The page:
• Eat together as a family as often as possible.
  • Take time eating, and chew slowly.
  • Eat more fresh fruits and vegetables.
  • Eat more whole grains.
  • Drink plenty of water.

In another study, it is clear that children with allergies may benefit from eating a diet with high proportions of fruits and vegetables throughout the day. And don’t forget to include nuts in children’s diets as well (including walnuts, pecans and almonds), but not until at least two years of age.

The emotional, social and physical development of young children has a direct effect on their overall development and on the adult they will become. It is very important to maximize their future well-being.

Shirley Golden, Staff ND, The Health Patch – Cultivating Naturopathic Care for Total Health
1024 S. Douglas Blvd, Midwest City, OK Phone: 405-736-1030 e-mail: jehovah316@netzero.net

*These statements have not been evaluated by the Food and Drug Administration. This information is intended for educational purposes only. It is not intended to diagnose, treat, cure, or prevent any disease.

Get Your Kids Back to School Healthy

It’s that time of year again. The kids lament and the moms breathe a sigh of relief. Summer seems to get shorter and shorter, and ever more full of activities. So there is little time for rest and then it’s back to the routine of homework and school activities. What can we do to help our kids get the most from their school experience? Here are some ideas.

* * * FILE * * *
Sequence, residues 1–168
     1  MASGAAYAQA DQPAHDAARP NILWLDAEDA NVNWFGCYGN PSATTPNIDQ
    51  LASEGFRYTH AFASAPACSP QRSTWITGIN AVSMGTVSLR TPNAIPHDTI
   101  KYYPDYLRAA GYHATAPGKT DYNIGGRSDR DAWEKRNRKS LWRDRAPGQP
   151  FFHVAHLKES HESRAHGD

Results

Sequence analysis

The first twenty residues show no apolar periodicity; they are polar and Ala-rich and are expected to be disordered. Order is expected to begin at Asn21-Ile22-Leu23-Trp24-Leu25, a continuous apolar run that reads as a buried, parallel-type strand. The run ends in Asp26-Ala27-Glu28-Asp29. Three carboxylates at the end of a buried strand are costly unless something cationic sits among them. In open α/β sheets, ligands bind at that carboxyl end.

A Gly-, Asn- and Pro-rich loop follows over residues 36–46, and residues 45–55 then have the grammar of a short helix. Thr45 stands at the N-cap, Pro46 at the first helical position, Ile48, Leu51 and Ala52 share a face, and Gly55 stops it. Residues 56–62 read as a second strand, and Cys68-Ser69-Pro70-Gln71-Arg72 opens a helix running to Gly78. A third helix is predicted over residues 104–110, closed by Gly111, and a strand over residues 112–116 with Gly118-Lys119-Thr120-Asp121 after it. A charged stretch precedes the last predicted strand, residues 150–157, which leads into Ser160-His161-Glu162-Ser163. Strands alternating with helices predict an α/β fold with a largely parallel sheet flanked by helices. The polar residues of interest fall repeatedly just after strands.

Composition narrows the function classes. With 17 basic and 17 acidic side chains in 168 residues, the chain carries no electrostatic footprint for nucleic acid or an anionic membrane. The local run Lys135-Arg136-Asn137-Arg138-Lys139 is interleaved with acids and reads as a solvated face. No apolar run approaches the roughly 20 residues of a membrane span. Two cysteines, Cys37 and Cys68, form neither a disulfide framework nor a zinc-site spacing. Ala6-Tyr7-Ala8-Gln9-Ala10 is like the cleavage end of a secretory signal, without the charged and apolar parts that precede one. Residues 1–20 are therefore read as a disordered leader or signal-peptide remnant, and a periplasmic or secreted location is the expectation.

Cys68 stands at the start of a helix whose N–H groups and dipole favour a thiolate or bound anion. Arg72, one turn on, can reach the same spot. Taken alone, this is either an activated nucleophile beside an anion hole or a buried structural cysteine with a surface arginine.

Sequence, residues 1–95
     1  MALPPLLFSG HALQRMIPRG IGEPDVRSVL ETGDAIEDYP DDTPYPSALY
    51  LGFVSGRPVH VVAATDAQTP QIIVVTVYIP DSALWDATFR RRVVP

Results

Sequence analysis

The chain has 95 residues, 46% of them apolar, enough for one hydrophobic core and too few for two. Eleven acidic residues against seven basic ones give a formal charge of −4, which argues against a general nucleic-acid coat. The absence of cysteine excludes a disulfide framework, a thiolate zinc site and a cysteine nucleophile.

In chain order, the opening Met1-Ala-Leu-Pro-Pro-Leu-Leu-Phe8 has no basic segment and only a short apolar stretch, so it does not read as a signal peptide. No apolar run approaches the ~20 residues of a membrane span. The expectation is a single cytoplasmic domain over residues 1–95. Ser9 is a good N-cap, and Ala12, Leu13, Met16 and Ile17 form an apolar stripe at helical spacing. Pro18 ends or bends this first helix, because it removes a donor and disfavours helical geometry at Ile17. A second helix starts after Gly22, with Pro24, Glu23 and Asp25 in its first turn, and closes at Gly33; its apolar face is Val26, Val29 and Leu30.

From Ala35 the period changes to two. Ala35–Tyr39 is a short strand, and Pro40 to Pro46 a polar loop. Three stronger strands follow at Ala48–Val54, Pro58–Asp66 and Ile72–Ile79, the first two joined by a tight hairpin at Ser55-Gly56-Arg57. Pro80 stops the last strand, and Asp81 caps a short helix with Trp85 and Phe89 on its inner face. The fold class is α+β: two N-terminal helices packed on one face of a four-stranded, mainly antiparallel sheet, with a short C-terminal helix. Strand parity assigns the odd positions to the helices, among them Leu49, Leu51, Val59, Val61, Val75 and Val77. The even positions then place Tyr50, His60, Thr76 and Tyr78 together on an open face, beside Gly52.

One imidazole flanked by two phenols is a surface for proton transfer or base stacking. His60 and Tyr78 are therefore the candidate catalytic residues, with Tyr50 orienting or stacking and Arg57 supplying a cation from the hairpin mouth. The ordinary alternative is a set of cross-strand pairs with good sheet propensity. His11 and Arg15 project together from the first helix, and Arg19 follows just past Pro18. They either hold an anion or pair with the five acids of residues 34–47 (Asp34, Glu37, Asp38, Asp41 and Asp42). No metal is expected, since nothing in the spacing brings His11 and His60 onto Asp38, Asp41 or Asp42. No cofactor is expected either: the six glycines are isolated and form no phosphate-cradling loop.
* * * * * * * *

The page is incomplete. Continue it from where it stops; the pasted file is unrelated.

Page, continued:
A well-balanced vitamin and mineral supplement is a necessity. The purpose of every cell in our bodies is to produce energy. But they must have a balance of proper nutrients as well as adequate water, exercise and rest to accomplish this task. Since most of us don’t get regular, well-balanced meals, supplements help to meet this need.

Mental alertness is an imperative. Establish a routine early in the school year. Schedule adequate time for rest, exercise, homework and desired activities. It takes planning and hard work to fit in everything and balance all the desires of a healthy, well-adjusted young person. There are some wonderful nutrient supplements to help with mental alertness, too. They can aid with focus and concentration and they are all natural. This is especially important if your child has focus and attention challenges. Talk to the folks in your local herb shop about specific supplements for your child’s special needs.

Also consider adding an immune system booster to your child’s supplement regimen here at the beginning of the school year. I’d recommend an echinacea or elderberry supplement. This is also important as the flu season starts up in another couple of months. But as we begin to gather in classrooms we mix our ailments with those of our classmates and become susceptible to “who knows what!”